Copyright 2010 by Gary L. Pullman
The first 57 pages of Stephen King’s latest novel Under the Dome, detail the immediate consequences of the descent of an invisible dome over the small town of Chester’s Mill, Maine, which lies northeast of the infamous Castle Rock. (Pretty much the rest of the novel deals with the extended consequences of this incident.)
The descent of the barrier causes quite a bit of damage. A woodchuck is cut in half. An airplane crashes. Several automobiles smash into its curved surface. Birds break their necks as they fly into the transparent hemisphere. The reader isn’t forewarned of the woodchuck’s fate, but the omniscient narrator does give advance notice concerning the deaths of some of the human characters. Concerning Claudette Sanders and her flight instructor, Chuck Thompson, we are told, “Their lives had another forty seconds to run,” and we learn that “the next time” Brenda sees her husband, police chief Howard (“Duke”) Perkins, “he was dead.”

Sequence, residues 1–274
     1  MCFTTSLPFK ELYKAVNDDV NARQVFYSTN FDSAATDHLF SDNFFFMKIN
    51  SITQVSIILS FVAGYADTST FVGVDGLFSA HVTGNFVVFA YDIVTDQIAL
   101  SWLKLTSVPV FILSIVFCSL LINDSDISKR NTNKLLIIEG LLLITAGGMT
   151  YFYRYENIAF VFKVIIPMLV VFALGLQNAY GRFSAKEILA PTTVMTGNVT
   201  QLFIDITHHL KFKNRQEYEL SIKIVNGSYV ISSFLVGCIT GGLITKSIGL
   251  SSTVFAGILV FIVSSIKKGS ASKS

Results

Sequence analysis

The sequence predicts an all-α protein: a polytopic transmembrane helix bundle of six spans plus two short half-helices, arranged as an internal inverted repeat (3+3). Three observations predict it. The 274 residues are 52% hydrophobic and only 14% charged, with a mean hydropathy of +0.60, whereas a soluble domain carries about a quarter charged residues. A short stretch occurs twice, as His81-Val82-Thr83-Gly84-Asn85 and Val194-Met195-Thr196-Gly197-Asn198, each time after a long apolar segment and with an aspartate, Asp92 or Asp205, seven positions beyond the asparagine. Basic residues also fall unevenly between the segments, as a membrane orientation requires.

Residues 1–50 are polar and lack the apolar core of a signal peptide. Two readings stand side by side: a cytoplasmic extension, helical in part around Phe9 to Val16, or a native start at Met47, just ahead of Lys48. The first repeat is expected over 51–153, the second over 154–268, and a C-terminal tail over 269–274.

Nevertheless, death is sudden Under the Dome:
He felt the buzzing she had described, but instead of passing, it deepened to searing pain in the hollow of his left shoulder. He had just enough time to remember the last thing Brenda had said--Take care of your pacemaker--and then it exploded in his chest with enough force to blow open his Wildcats sweatshirt, which he’d donned that morning in honor of this afternoon’s game. Blood, scraps of cotton, and bits of flesh struck the barrier.Before his unceremonious demise, Howard had served on the Chester’s Mill’s police force for over thirty years; in an instant, he is dead, gone as if he never existed.
The crowed aaahed.
Duke tried to speak his wife’s name and failed, but he saw her face clearly in his mind. She was smiling.
And he’s not the only resident of the town so summarily dispatched.
The suddenness and the quickness of the townspeople’s deaths bespeaks the uncertainty and danger of everyday life that we seldom consider, busy as we are living our lives. A world in which a flight instructor and his student or a police chief with more than three decades of service to the community under his belt can be killed with as much abandon as a woodchuck is a dangerous world, indeed; it is also, perhaps, an absurd one, for what meaning or value is possible in a world in which human beings are dispatched with as little rhyme or reason and as much cosmic indifference as a woodchuck is suddenly sliced in half?
The opening pages of Under the Dome suggest such questions.
The rest of the novel, we expect, will offer some answers.